Skip to content

Conference papers

29 APR 2018

Social contagion and knowledge acquisition in construction firms

As global construction markets evolve, knowledge intensive construction professional service firms (CPSF) are required to formulate and implement a strategy in pursuit of competitive advantage.

This research examines two latent social contagion processes inherent in the acquisition of knowledge in CPSFs: response to new knowledge from an industry knowledge leader (referred to as “Egonetwork” in social networks terminology) and the knowledge diffusion process whereby individual firms eventually become clustered and almost non-differentiated in knowledge terms (henceforth termed “contagion”).

The construction industry in Ireland, including professional service firms (PSF’s) operating therein, are undergoing a period of change and uncertainty driven by economic, demographic, political and technological factors. While considerable evidence exists demonstrating the relationship between environmental turbulence on organisational decision making, there remains a distinct lack of focus on behavioural patterns affecting decision-making process of construction firms.

Social contagion (SC) theory asserts that the spread of ideas, attitudes, or behaviour patterns in a group is achieved through imitation and conformity, and is well established within social sciences research, and is increasingly being used to analyse organisational behaviour.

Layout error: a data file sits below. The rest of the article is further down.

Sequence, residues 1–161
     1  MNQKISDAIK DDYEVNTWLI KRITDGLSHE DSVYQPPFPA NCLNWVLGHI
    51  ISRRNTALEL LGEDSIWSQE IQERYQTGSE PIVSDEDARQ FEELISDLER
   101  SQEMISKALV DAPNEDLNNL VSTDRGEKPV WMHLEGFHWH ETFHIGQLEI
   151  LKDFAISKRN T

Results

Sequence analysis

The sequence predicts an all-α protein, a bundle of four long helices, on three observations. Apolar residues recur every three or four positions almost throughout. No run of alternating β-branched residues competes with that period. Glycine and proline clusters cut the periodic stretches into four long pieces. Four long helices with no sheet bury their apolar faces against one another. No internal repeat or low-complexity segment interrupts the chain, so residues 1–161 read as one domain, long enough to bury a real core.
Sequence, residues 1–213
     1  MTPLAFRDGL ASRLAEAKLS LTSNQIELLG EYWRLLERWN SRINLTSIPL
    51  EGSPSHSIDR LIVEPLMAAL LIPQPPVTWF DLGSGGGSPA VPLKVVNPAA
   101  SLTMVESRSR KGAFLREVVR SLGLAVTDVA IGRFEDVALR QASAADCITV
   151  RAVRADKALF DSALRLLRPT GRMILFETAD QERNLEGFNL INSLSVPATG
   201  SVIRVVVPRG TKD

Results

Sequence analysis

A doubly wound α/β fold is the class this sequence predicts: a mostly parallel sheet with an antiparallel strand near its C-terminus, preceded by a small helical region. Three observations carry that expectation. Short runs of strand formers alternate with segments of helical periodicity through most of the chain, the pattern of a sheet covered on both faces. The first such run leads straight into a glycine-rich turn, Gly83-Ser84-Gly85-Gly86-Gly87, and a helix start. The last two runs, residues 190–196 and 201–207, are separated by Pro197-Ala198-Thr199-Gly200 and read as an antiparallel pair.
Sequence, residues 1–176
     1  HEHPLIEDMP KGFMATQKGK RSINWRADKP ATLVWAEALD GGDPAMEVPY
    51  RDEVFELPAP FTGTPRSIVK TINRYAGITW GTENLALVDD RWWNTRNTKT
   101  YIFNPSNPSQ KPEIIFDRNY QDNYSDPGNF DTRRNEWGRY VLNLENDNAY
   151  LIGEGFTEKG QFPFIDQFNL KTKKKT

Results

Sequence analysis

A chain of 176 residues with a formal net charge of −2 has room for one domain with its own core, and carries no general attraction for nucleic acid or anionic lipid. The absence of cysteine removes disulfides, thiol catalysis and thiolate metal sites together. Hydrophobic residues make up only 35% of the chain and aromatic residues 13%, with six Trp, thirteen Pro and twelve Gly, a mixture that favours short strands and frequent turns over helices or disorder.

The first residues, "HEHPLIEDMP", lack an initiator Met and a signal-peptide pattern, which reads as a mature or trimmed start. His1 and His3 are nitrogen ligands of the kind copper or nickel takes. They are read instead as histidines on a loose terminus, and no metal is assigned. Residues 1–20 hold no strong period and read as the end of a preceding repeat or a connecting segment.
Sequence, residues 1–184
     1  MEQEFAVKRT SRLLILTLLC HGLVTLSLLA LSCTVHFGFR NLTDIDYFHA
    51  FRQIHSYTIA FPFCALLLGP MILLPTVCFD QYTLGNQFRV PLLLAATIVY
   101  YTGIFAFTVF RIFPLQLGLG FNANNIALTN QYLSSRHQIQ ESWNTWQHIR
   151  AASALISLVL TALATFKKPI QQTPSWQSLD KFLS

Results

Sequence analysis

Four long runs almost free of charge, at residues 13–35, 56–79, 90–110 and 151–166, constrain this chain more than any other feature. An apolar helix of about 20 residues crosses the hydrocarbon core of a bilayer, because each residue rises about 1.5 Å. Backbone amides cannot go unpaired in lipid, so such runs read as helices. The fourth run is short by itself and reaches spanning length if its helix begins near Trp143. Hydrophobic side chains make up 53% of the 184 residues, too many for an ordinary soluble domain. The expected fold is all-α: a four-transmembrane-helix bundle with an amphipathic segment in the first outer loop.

However, limited inquiry has been launched into SC theory within construction contexts, particularly within high knowledge intensive PSFs. Using a literature-based meta-synthesis, an exploration as to the usefulness of SC theory in the field of knowledge management in construction is presented. A framework for the analysis of knowledge acquisition using SC theory is provided, as part of an ongoing doctoral study.

Based on the interpretations that social contagion research and learning for construction PSF’s are in fact two sides of the same social epistemological coin, a theoretical framework for the synthesis of social contagion into the body of theoretically informed research in construction is thus proposed.